Posted By Neale Van Fleet on August 31st, 2020
Not so long ago, I wrote about the design of SoundSource 4. That version marked SoundSource’s transition from a simple audio device selector into a much more powerful app. Recently, we released the new SoundSource 5, featuring many improvements, both technical and in terms of design.
Getting Better All the Time
When I think of the design process for SoundSource 5, a single word comes to mind: refinement. We revisited every part of the user interface, to deliver an update that goes well beyond the sum of its parts. The new interface both looks better and works better.
In this article, I’ll go over some of the refinements we implemented to make SoundSource 5 both useful and delightful.
SoundSource 4 started out very small and compact, but as features were added, the main window grew. While it wasn’t massively oversized, we knew we wanted to find ways to slim things down.
The most obvious way SoundSource 5 accomplishes this is with the new Compact view. As you can see below, when SoundSource is switched to its Compact view, many text labels are removed. This significantly reduces the width of the main window, which is particularly handy if you leave SoundSource pinned open. Clarity in the Compact view is somewhat reduced, but toggling back to the Standard view quickly restores it.
The Compact view also removes text from the device selector, cutting it down to a fraction of its standard length. The device icons which remain work particularly well if you have a small number of devices attached to your Mac, as most users do. To create consistency, we also added those icons to the Standard view, where they serve as a secondary visual cue.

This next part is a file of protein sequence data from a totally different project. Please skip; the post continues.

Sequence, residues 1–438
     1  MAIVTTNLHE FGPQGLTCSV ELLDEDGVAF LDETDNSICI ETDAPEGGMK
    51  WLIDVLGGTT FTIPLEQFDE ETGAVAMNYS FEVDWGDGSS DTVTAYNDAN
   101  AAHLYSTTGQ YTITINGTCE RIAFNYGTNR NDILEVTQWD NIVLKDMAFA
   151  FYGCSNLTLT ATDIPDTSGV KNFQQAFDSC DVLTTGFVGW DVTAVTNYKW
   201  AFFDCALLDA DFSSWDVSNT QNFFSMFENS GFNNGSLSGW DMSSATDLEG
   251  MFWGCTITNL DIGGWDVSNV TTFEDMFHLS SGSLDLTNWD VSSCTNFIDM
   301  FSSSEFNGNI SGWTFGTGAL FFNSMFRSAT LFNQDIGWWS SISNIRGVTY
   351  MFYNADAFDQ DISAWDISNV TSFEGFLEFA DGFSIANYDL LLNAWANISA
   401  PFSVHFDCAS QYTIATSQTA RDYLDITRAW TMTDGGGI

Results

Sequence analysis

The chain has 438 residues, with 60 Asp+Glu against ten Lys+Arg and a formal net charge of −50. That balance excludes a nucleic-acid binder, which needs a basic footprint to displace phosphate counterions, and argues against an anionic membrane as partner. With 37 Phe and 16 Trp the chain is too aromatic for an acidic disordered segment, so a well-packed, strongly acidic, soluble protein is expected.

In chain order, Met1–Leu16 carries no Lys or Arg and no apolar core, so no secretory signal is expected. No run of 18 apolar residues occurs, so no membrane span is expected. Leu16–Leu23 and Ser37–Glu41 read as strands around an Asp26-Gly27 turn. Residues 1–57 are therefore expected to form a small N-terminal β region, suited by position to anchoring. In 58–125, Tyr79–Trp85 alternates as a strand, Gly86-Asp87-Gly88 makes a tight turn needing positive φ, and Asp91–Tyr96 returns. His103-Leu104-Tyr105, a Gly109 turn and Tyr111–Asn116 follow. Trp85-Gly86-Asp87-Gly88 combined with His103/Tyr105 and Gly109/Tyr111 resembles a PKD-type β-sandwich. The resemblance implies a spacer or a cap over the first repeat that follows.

SoundSource does most of its work while in the background, with its only visible part showing in the menu bar. When it is open, we wanted the app to feel snappy and vibrant. One of the ways we accomplished that was by adding subtle animations throughout. This is most noticeable in the toolbar at the top of the main window, where each icon subtly moves between states.
Here are two of the animations from the toolbar:
The size and pin toggle animations, enlarged and slowed to show details
All of these animations are native CoreAnimation assets, built with a tool called Kite Compositor. Kite builds pre-packaged animation archives, which allowed me to iterate super quickly on the animations. I could open, tweak, and re-export animations without much work from the developer.
Reducing Visual Clutter
Before starting work on SoundSource 5, I took some time away from version 4. When I came back with fresh eyes, I noticed a busier interface than I wanted. The bubbles within bubbles within bubbles were logical, but visually cluttered. The best example of this was the nesting that occurred with effects.
Effects were nested two levels in
We knew we could do better. In SoundSource 5, we cleaned this up significantly, and un-matryoshka’ed those nesting shapes. The selection indicator became full width, which rid us of the bubble around individual effects. We also moved the full version of our built-in 10-band equalizer into a popover, matching the way Audio Units are loaded. This enabled us to make the entire Effects area much more uniform. Moving the EQ’s advanced controls out of the main window also allowed it to fit better in the Compact view.
SoundSource 5, with fewer nested shapes
Overly-nested interface elements are harder to parse, so this new design is a big win for readability.